Beginning of the end

Posted Apr 6th, 2010 in Eating Niagara

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By Avia Eek, Holland Marsh farmer

Well, it has begun—sort of!

It's March 31, 2010, 10:30 a.m. and I am sitting in the King Township Council Chambers. The Ontario Municipal Board hearing concerning the site plan for the York Energy Centre is about to get underway.  The York Energy Centre is a 393-megawatt (but licensed for 435 megawatts) natural gas-fired peaker power plant proposed by Pristine Power, Inc., for the Holland Marsh, a.k.a. the Salad Bowl of Ontario, the Greenbelt, protected countryside, flood plain, specialty crop area — a place with legislation that “protects” this sensitive, high-value, food production area.

Time for Grub Blogs - Ontario GreenBelt
Taking stock in a Holland Marsh field (photos from Holland Marsh Growers' Association, Jamie Reaume)

We all stand when the hearing chair enters the room. The lawyer for the proponent and the Township are present. So are some members of the farming community, of which one is a participant. Holland Marsh Growers’ Association Executive Director Jamie Reaume, Concerned Citizens of King Township (CCKT) and Katherine Parsons, executive director for the Global Environmental Action Group, are also participants. There are others who have come to show their support opposing the location of this facility. 

Some guidelines are laid down by the hearing chair for the media present. After this, it’s down to business. The expert evidence will be heard first, and then the participants' statements will be heard. The dates for the 10-day hearing are discussed. We are adjourned until Tuesday, April 6/10.

A videographer from Rogers Cable is interviewing several people, one being the proponent’s lawyer.  I hear him say that this peaker plant facility is necessary and words to the effect that it has to go in.  Really? And the only available place to build this facility is in the Salad Bowl of Ontario? Less than a kilometre from where our valuable crops are grown and the waterway we irrigate from!?

Time for Grub Blogs - potatoes in holland marsh
Potatoes being irrigated in the Holland Marsh

Our population is growing and is only going to continue to grow. Taking prime agricultural land out of production and potentially reducing the crop yields on remaining land thanks to the impact that the plant's emissions may have on our waterways and organic-based soil seems to me a step backward — not forward thinking at all!

I’ve said this before: This power plant is not even going to benefit our area. We won't have access to the electricity. The energy will be for Bradford and northeastern York Region, not the Holland Marsh!

I was also interviewed by Rogers and asked what I would like to see come out of this OMB hearing. I said the the land for the plant is located in the Greenbelt, a swath of land that is supposed to be protected for food production and greenspace under the Greenbelt Act and Oak Ridges Moraine Conservation Plan.  However, the government can step in and impose infrastructure running at 35 per cent efficiency — that is clearly a “conflict use."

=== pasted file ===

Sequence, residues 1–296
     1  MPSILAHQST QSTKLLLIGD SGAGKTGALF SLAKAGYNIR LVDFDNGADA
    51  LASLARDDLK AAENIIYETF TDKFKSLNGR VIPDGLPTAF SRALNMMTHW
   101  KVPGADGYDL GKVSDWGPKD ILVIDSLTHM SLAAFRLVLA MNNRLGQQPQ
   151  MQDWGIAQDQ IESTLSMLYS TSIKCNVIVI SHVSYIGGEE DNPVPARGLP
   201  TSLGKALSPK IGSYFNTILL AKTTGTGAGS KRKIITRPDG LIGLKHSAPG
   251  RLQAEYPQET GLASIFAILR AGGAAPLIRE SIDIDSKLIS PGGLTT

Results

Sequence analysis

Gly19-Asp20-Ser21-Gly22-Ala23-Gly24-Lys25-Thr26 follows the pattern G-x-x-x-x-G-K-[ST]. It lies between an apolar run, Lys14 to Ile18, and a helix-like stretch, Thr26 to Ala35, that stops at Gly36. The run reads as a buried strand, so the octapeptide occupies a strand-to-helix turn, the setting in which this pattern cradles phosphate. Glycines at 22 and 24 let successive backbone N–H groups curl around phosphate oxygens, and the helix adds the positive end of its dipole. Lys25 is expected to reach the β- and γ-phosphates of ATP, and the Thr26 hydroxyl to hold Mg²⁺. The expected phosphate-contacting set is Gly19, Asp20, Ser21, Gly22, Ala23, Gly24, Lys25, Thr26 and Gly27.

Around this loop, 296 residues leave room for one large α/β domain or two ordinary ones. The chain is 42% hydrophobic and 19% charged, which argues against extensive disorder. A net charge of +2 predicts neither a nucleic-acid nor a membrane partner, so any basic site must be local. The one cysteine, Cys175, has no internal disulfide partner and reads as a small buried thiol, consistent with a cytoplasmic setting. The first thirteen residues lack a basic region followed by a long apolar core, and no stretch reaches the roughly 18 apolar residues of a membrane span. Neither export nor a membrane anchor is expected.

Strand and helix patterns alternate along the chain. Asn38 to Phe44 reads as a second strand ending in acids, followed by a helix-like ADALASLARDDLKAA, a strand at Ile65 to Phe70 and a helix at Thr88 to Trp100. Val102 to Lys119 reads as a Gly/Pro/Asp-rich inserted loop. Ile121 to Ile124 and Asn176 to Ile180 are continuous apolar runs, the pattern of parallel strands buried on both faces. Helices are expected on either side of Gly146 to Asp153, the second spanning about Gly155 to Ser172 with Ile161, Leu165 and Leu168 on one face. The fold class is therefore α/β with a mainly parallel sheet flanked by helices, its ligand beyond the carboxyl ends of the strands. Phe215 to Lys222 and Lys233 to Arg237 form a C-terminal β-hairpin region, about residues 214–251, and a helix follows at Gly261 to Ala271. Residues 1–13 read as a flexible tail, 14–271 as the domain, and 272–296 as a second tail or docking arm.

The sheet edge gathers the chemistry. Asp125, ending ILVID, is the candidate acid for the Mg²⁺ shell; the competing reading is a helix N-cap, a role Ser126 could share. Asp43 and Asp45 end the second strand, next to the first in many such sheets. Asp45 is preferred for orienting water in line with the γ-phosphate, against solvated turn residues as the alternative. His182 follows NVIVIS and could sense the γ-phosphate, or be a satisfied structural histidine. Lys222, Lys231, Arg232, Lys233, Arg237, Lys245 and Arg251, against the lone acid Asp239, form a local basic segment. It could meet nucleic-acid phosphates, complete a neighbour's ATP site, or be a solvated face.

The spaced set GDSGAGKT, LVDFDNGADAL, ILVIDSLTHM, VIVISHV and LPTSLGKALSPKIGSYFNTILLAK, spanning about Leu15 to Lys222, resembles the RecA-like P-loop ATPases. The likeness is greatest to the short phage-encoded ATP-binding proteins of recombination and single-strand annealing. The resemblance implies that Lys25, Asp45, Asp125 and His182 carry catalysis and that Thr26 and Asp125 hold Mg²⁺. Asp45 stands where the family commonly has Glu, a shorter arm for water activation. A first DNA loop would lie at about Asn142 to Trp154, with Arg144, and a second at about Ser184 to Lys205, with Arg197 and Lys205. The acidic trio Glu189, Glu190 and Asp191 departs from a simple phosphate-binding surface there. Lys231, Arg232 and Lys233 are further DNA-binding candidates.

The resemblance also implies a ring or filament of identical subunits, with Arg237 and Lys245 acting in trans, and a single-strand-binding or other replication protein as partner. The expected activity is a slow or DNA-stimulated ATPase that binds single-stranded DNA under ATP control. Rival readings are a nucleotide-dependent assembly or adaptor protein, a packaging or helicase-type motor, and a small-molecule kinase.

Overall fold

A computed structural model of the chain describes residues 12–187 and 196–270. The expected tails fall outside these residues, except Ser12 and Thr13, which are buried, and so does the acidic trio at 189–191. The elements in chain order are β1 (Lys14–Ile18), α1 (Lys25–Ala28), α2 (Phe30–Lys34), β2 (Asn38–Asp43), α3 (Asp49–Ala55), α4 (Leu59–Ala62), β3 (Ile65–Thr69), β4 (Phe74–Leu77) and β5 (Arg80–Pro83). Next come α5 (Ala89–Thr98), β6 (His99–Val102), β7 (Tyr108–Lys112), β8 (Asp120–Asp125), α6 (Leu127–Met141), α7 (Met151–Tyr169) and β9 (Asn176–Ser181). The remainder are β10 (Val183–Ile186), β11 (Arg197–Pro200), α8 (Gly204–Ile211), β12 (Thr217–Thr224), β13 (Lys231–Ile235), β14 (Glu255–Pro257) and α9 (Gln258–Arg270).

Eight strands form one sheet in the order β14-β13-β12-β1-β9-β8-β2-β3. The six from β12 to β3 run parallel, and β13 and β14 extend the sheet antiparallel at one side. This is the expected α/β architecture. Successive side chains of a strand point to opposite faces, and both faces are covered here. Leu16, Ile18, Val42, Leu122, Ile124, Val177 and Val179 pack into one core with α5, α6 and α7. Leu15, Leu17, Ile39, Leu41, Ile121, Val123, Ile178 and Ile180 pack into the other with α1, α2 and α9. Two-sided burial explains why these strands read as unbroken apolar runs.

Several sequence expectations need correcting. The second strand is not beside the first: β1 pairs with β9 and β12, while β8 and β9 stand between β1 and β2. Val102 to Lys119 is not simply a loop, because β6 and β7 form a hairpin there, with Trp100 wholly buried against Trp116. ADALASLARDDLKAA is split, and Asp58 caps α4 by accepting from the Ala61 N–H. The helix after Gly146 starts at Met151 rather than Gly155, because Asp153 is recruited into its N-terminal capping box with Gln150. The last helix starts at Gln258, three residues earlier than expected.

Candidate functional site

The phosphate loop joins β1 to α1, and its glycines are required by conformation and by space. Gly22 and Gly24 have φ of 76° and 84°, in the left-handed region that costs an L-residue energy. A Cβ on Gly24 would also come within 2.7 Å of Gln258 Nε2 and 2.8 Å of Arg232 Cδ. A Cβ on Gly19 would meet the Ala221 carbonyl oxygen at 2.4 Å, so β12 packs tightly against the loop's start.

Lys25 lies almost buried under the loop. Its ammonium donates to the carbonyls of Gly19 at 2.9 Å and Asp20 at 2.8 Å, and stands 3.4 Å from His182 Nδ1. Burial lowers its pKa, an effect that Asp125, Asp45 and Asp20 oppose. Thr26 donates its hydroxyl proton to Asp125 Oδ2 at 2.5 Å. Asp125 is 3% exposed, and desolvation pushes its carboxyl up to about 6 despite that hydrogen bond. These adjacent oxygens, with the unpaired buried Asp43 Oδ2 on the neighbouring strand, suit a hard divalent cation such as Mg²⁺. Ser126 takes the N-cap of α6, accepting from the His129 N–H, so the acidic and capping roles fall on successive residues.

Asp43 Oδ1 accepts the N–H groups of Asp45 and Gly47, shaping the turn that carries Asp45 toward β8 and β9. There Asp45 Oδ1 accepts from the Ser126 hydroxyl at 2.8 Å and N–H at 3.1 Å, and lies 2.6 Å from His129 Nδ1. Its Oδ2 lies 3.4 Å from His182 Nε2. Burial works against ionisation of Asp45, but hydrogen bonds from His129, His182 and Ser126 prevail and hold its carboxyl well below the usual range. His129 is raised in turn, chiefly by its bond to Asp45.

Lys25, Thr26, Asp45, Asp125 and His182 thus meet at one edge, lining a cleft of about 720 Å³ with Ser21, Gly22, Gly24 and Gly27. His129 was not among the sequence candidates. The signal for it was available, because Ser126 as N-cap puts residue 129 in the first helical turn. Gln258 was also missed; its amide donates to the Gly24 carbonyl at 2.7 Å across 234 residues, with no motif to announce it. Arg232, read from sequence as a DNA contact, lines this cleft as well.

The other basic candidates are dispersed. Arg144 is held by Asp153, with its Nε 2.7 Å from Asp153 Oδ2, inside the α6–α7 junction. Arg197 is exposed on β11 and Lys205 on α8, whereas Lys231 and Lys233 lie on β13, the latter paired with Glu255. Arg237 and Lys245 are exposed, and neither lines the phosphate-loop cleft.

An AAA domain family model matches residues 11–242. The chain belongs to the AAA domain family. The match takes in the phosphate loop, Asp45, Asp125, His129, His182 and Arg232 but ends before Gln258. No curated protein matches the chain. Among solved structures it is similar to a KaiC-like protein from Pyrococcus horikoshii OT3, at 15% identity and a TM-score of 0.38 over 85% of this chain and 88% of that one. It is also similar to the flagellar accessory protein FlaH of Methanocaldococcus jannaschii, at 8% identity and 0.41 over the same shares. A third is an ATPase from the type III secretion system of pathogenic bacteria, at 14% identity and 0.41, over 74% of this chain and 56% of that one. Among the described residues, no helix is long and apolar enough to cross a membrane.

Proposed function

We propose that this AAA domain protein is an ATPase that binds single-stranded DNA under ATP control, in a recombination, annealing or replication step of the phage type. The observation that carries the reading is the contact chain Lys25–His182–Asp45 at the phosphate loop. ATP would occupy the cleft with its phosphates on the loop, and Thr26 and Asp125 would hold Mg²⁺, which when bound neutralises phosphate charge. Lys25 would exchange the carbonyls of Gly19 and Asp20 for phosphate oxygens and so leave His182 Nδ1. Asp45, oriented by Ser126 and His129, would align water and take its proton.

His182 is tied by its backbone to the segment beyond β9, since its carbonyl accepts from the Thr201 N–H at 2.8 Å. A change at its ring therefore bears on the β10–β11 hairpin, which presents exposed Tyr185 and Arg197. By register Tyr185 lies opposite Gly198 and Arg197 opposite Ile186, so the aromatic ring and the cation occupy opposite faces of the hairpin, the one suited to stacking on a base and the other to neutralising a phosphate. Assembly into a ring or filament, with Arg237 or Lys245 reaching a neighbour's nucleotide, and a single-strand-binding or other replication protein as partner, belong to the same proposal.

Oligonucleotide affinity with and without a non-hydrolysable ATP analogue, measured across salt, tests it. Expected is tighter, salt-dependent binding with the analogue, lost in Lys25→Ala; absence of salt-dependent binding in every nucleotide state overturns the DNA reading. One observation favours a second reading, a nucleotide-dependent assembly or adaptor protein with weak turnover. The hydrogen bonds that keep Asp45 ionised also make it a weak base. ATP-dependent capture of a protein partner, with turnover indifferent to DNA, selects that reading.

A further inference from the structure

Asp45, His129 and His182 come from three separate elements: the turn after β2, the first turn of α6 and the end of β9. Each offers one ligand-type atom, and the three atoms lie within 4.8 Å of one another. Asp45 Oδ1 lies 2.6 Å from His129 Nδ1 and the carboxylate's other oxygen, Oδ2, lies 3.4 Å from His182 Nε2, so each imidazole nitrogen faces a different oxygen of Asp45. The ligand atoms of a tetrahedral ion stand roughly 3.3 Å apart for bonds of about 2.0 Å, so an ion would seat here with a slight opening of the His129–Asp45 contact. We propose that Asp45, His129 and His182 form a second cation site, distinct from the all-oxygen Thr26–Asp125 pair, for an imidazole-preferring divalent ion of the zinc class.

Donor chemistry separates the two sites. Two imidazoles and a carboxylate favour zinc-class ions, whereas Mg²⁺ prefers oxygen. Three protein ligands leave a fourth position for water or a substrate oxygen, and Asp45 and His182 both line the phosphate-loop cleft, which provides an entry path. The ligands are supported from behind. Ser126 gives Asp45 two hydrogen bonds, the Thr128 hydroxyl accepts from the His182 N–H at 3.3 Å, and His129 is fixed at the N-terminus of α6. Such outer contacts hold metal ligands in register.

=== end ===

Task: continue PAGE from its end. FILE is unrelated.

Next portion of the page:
I’m also baffled that the Ministry of the Environment has not jumped on at least two points in studies on the issue that struck me as a layperson.

1) “All necessary studies have been completed with no negative impact to this area…” when it comes to the impact from the facility's emissions on soil. Yes, this true with mineral soil. But studies do not exist to show the impact of those emissions on the organic-based muck/peat soil (Specialty Crop Area soils) present in the Holland Marsh. There are many types of soil out there—not just mineral.

2) “The emissions from the YEC fall within acceptable parameters." Sure they do, if you're farming the land at the Pearson International Airport, which is the airshed that was tested for acceptable emissions levels. The airshed that should have been tested was right here and not near the highway, either. Why wasn’t the air where the plant will be built tested? My guess: probably because the emissions test results would not fall within acceptable parameters!

I find it ironic that at a time when government is pushing farmers to invest more of their own money in food safety and traceability, continued reduction of fertilizer and pesticide use, ongoing tri-annual  certification in this regard, permits to take water to irrigate crops, strict human rights rules and regulations  — as employers we are not to put our employees in harm's way but by imposing this power plant here, our health is being put at risk — this same government is calling farmers NIMBYs and pushing this peaker power plant down our throats.  It's even going so far as to say that the environmental assessment applied to this facility is sufficient for a 393-megawatt natural gas-fired peaker plant. The environmental assessment used is for the equivalent of a two-megawatt windmill.

Time for Grub Blogs - Carrots

So, back to what I would like to see come out of this OMB hearing? I would like to see this entire project put on a shelf. We have all this new legislation, plans and acts, but the science, assessments and logic is 40 years old. They must be revised.  

Municipalities should be allowed to conduct studies to see exactly how this type of industry will impact the communities they know. 

But most of all, the farmers of the Holland Marsh must be allowed to continue to do what they do best — grow safe, healthy, nutritious food for you and me without the additional challenges that a peaker power plant will undoubtedly present to them!

Avia Eek farms in the Holland Marsh and a director for the Holland Marsh Growers' Association.


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